Of course, Pompey still had the lead at that point and as the Grecians’ desperation intensified they threw a centre-half into their attack to disrupt the visitors’ back-line.
Increasingly, Jervis’ ninth-minute strike and third goal in five games was appearing to be decisive in the outcome at Exeter.
That moment came about when Holmes was fouled by the left touchline and picked himself up to deliver the free-kick into the box towards the far post.
Chorley rose highest to head the ball back across goal and there was Jervis to finish from close range to maintain his encouraging start to his second stint at the club.
The half would see Carson acrobatically save Scot Bennett’s header, while he also somehow clawed away Sercombe’s deflected shot with Jimmy Keohane closing in on an empty net.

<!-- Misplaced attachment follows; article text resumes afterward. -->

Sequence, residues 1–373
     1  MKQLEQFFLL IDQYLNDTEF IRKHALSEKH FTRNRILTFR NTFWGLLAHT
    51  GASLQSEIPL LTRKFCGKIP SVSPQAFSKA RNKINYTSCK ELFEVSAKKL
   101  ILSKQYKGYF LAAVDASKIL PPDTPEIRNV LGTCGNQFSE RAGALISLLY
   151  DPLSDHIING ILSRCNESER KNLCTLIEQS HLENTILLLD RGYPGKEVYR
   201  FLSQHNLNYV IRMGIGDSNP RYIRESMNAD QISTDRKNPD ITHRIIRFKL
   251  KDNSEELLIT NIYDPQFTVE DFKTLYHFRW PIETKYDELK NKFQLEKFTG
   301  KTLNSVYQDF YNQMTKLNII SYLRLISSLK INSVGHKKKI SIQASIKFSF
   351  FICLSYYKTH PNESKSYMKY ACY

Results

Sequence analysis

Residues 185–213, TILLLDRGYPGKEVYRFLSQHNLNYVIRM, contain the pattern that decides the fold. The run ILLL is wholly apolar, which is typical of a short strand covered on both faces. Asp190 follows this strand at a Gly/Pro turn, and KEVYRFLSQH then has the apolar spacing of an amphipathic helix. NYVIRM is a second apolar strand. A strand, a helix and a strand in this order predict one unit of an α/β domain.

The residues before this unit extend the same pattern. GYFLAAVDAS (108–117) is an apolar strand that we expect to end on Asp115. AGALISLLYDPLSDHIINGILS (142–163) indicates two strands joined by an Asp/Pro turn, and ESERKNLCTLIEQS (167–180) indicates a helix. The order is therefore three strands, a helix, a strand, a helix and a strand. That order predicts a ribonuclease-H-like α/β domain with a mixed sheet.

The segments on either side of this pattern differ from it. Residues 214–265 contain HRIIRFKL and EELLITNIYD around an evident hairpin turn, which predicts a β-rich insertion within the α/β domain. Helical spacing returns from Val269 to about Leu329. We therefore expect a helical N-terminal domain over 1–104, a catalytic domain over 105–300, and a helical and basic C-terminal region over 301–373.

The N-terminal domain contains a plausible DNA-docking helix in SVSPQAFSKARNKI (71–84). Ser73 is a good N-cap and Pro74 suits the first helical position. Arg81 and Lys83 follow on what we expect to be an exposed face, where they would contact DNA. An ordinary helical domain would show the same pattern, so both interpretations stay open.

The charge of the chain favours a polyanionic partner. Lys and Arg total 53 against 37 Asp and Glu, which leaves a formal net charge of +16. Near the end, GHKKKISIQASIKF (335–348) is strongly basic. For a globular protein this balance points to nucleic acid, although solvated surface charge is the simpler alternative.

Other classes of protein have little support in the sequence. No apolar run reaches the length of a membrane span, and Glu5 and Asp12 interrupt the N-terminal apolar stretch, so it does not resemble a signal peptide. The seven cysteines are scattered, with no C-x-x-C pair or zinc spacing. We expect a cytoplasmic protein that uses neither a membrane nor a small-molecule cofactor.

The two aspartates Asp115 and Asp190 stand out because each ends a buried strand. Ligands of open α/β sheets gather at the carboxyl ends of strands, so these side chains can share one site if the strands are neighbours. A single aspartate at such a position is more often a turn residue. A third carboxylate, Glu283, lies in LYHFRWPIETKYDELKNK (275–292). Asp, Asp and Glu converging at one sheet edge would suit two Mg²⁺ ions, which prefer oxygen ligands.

But these days this is a very different Blues defensive unit to the one which conceded at least two goals in six successive games during November.
Tangible proof indeed that Barker has made improvements to the set-up, even if victories number only two in 11 matches.
The result, however, was another draw and more points shed courtesy of a stoppage-time goal.
Still, in isolation, an away point at relegation rivals such as Exeter is something to be applauded and certainly encouraging.
However, as Barker found out against Torquay, it is almost trivial if you cannot follow up such results upon the return to Fratton Park.
Pompey need wins at home – at this stage not even draws can be accepted.
And with AFC Wimbledon next up a triumph is an absolute must.